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Variable Valve Timing Explained: An Appreciation of How Quickly Engines Operate

By: · July 20, 2017

Variable Valve Timing Explained: An Appreciation of How Quickly Engines Operate

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From the August 2017 issue

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When it comes to the many variables of combustion inside an engine, engineers measure the timing of key events in degrees of crankshaft rotation, a relative frame of reference that remains constant without needing to compensate for the engine’s changing rpm. Absent a familiar, conventional time scale, it’s easy to underestimate just how quickly everything moves in an internal-combustion engine. Add in the capabilities of ­modern electronics and controls that optimize valve events, fuel injection, and spark ignition for power or efficiency, and firing on all cylinders depends on millisecond precision.

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As just one example, BMW’s N55 turbocharged inline-six engine combines adjustable phasing of both the intake and exhaust cams with variable intake-valve lift. At the engine’s 725-rpm idle, the intake, compression, power, and exhaust strokes, together, happen in just 0.2 second, literally the blink of an eye. The events that define that combustion, such as how long the valves remain open, occur over even smaller fractions of a second. And as the engine approaches its 7000-rpm climax, the entire process is compressed into a window that lasts roughly one-tenth as long as it does at idle.

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To give you an idea of just how quickly today’s engines move, here’s a glimpse into the N55’s operating strategy:

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Intake-valve timing: The BMW inline-six’s intake-camshaft phaser can shift the cam profile by up to 70 degrees, but the opening duration of 255 degrees is fixed. The dwell translates to a total opening of 0.006 second for a single intake stroke at 7000 rpm.

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N55 Valve-Timing Adjustability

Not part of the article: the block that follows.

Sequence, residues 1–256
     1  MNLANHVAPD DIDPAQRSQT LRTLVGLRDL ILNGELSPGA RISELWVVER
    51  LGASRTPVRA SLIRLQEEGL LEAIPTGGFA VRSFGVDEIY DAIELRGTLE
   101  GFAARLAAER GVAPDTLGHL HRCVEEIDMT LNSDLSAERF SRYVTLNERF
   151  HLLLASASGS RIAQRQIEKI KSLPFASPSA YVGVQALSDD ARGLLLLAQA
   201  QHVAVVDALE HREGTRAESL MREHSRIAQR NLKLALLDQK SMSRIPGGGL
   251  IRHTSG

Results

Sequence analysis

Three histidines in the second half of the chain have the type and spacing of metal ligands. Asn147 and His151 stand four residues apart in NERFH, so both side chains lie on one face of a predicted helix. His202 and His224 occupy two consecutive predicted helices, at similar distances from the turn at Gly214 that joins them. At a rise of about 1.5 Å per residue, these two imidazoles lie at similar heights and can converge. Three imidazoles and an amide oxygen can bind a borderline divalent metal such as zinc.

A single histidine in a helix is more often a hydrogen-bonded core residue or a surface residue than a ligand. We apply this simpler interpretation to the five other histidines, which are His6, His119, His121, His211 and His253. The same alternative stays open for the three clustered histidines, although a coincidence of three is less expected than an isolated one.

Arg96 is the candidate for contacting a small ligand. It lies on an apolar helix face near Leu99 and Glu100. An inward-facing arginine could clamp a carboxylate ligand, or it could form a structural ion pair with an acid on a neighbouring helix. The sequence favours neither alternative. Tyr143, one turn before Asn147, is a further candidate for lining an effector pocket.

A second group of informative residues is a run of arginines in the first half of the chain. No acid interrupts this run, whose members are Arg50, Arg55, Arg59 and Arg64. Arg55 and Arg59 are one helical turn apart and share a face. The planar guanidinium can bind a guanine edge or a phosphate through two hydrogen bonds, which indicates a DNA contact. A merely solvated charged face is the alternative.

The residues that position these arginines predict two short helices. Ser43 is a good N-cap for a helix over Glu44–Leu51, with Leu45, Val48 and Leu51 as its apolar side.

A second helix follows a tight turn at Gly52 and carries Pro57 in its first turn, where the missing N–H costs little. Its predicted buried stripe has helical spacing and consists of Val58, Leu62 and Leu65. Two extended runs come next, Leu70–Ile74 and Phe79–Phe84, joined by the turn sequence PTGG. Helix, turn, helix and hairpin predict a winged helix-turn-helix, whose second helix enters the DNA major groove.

-N55 Valve-Timing Adjustability

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Intake-valve lift: BMW’s Valvetronic system effectively plays the role of a throttle, metering air into the cylinders primarily as a function of accelerator-pedal position. It can adjust intake-valve lift between 0.008 inch—equal to the thickness of four pages of the magazine you’re holding—at low loads and 0.4 inch for full load via a fast-acting DC motor that controls how the cam-roller followers pivot.

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Exhaust-valve timing: By controlling the camshaft timing independently, the engine controller can adjust the amount of overlap—the period when both the exhaust and intake valves are open. At low-load, steady-speed cruising, this overlap is increased to allow a portion of the inert exhaust gas to flow back into the cylinder during the intake stroke, reducing combustion temperatures and the formation of oxides of nitrogen. At a steady 50 mph with the engine turning at 1500 rpm, the N55’s maximum overlap lasts 0.2 second. For maximum power at redline, fully minimized valve overlap lasts just 0.0005 second—the amount of time it takes sound to travel just seven inches at room temperature.

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Ignition timing: Ignition timing generally advances during light-load operation to prevent lean air-fuel mixtures from knocking. During both idle and redline runs in the N55, spark occurs around six to eight degrees before the piston reaches top dead center, but the gulf in engine speeds is the difference between spark occurring 0.002 second and 0.0002 second before the piston peaks. That’s 10 and 100 times faster than the single flap of a hummingbird’s wings. The system will also retard ignition timing when the engine is cold, working in conjunction with late fuel injection and earlier exhaust-valve opening to bring the catalytic converters to operating temperature more quickly.

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Filed under: Engine,News

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